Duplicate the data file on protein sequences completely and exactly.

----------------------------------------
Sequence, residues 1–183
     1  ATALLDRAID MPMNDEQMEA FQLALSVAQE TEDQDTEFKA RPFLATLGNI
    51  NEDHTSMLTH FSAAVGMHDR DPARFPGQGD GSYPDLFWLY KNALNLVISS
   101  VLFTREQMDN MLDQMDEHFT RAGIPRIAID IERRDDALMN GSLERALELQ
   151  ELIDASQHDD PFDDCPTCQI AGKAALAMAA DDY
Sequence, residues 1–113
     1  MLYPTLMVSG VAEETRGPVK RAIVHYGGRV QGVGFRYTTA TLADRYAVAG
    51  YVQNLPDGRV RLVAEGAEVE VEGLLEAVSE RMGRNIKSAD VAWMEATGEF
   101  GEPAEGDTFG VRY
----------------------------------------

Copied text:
Sequence, residues 1–183
     1  ATALLDRAID MPMNDEQMEA FQLALSVAQE TEDQDTEFKA RPFLATLGNI
    51  NEDHTSMLTH FSAAVGMHDR DPARFPGQGD GSYPDLFWLY KNALNLVISS
   101  VLFTREQMDN MLDQMDEHFT RAGIPRIAID IERRDDALMN GSLERALELQ
   151  ELIDASQHDD PFDDCPTCQI AGKAALAMAA DDY
Sequence, residues 1–113
     1  MLYPTLMVSG VAEETRGPVK RAIVHYGGRV QGVGFRYTTA TLADRYAVAG
    51  YVQNLPDGRV RLVAEGAEVE VEGLLEAVSE RMGRNIKSAD VAWMEATGEF
   101  GEPAEGDTFG VRY